Anyone who works in the mental health field will tell you times are incredibly tough right now. Not only are the number of clients needing support with depression heavily up, on times gone by, but morale throughout MH services seems to be at an all-time low. Cut backs to vital budgets and constant government meddling with the NHS, mean there are less services and less supporting professionals to go round, despite what ministers claim. Workloads are greater, yet paid hours are being reduced, resulting in an increasing number of staff having to take time off due to their own stress and depression.
But stress and depression are by no means limited to those who are regular mental health service users.
Around one in four of us will experience an episode of clinical depression, severe enough for us to seek treatment. That's just the ones who actually find the courage to go along to their doctor, for there will be many more people just struggling on alone, maybe self-medicating with drink and drugs; eating disorders and self-harm are some of the other increasingly common ways people deal with depression.
The World Health Organisation predicts that by 2030, more people will be suffering from depression than any other health problem. More than cancer, or respiratory disease, more than stroke or heart disease.
Without a doubt, here in the UK, the government's brutal cuts have had a devastating, often deadly impact on those most vulnerable in our communities. Added to this, we have an opposition, who more often than not, agrees with and supports the government, rather than standing up for people's basic human rights. Paranoia runs rampant among those in power with their own mental disorders. This is behind the frequent verbal attacks on migrant workers, and actually, contrary to what ministers and shadow ministers say, going on about immigration all the time, does sound quite racist to most decent people.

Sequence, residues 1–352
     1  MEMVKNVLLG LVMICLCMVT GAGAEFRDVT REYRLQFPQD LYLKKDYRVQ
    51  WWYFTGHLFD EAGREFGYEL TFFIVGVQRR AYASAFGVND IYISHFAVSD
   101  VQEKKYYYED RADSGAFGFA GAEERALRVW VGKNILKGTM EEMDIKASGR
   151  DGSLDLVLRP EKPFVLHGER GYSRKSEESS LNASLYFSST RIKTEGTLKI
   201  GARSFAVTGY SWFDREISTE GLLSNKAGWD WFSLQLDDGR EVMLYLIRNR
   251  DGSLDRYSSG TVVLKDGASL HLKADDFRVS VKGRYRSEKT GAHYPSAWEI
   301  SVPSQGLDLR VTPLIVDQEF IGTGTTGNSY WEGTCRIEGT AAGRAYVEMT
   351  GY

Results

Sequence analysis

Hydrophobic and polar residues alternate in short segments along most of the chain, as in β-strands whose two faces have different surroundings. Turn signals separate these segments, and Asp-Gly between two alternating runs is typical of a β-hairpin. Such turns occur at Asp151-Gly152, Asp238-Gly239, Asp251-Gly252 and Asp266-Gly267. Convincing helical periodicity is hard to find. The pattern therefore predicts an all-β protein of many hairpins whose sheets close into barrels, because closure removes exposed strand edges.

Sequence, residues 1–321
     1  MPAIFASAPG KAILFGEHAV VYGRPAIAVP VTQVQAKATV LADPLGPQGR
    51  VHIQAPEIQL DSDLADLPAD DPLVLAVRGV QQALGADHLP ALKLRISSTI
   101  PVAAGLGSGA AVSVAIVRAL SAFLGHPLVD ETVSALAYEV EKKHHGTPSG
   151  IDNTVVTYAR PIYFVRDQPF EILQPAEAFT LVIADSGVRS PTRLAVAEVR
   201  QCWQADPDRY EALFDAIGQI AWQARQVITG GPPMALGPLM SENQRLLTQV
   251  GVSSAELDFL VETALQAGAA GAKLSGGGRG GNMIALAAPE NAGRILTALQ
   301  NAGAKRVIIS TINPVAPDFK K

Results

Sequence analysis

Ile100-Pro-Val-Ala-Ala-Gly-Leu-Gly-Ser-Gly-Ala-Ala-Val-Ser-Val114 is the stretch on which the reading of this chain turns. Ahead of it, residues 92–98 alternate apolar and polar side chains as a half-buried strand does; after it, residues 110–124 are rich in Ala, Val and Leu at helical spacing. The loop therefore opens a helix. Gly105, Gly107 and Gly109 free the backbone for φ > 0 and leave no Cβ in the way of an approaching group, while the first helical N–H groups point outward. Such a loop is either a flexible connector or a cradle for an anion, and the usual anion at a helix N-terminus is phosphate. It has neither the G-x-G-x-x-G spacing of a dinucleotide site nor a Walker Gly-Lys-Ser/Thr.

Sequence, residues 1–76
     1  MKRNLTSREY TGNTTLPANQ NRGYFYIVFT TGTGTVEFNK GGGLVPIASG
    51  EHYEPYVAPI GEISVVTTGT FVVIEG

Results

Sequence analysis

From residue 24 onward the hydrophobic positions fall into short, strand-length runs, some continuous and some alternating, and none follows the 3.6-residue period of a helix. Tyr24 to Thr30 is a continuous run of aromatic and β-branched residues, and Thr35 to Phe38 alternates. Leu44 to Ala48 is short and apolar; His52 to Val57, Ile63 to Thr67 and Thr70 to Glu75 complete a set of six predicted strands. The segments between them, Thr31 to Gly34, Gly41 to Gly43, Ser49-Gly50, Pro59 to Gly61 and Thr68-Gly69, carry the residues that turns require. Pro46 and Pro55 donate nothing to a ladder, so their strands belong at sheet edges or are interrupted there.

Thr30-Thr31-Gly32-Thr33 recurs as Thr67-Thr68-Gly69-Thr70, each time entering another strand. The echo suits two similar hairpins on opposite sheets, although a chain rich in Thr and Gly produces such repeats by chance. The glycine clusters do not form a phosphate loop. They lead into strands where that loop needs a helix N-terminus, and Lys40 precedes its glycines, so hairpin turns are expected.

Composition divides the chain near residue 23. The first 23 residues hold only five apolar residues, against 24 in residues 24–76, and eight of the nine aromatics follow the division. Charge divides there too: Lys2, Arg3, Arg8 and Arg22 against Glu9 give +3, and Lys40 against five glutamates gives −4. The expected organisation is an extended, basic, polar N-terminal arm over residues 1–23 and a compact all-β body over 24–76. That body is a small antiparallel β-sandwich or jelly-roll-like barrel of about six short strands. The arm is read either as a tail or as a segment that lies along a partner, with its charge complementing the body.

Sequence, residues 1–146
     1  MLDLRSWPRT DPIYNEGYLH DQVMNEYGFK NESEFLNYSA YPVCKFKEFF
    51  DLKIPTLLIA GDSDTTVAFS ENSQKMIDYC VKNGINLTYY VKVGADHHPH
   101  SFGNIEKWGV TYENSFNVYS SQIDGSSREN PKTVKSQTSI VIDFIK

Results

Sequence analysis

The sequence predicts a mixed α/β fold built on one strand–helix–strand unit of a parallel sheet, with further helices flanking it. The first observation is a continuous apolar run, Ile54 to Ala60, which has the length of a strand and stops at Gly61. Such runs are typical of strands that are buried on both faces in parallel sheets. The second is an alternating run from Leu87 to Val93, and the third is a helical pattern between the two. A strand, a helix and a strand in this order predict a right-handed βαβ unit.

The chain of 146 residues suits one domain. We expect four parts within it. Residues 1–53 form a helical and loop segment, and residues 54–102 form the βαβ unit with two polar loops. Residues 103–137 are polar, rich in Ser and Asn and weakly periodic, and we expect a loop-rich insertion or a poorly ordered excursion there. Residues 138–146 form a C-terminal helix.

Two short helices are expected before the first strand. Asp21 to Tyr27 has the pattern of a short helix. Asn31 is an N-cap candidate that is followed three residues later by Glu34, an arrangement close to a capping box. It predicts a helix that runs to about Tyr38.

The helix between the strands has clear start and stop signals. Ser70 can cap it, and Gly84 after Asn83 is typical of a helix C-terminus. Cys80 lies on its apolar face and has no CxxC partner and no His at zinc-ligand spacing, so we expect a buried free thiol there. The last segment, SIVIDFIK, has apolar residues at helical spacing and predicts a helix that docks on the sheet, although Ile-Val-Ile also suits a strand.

At a time when we're constantly being told by MPs of all three main parties that welfare must be cut, and food banks are a better way making sure children are fed than providing proper jobs and decent wages, these same MPs are expected to grant themselves a £20,000 annual pay increase, and no I didn't write too many noughts there, that extra 20 grand will take an MPs annual salary up to £75,000 and this is just for their regular work as an MP. They get additional payments for sitting on select committees and then they get those generous expenses of course. So for a five year parliament term now, the MPs' wage bill will be £243,750,000. No wonder they're all millionaires.
That's £243,750,000 we pay them, to tell us we need to accept a living standards cut, with over half a million people reliant on food bank hand-outs to try to keep their families fed.
And that sense of injustice, and the widening gap between those who have a gross excess of wealth and those struggling to just pay their gas bill, will continue to increase while we elect these wealthy, privileged people to run the country, who, even with good intentions, can never be in touch with how life is for the rest of us.
Surely there has to be a better, fairer, more humane way to run a prosperous country like ours?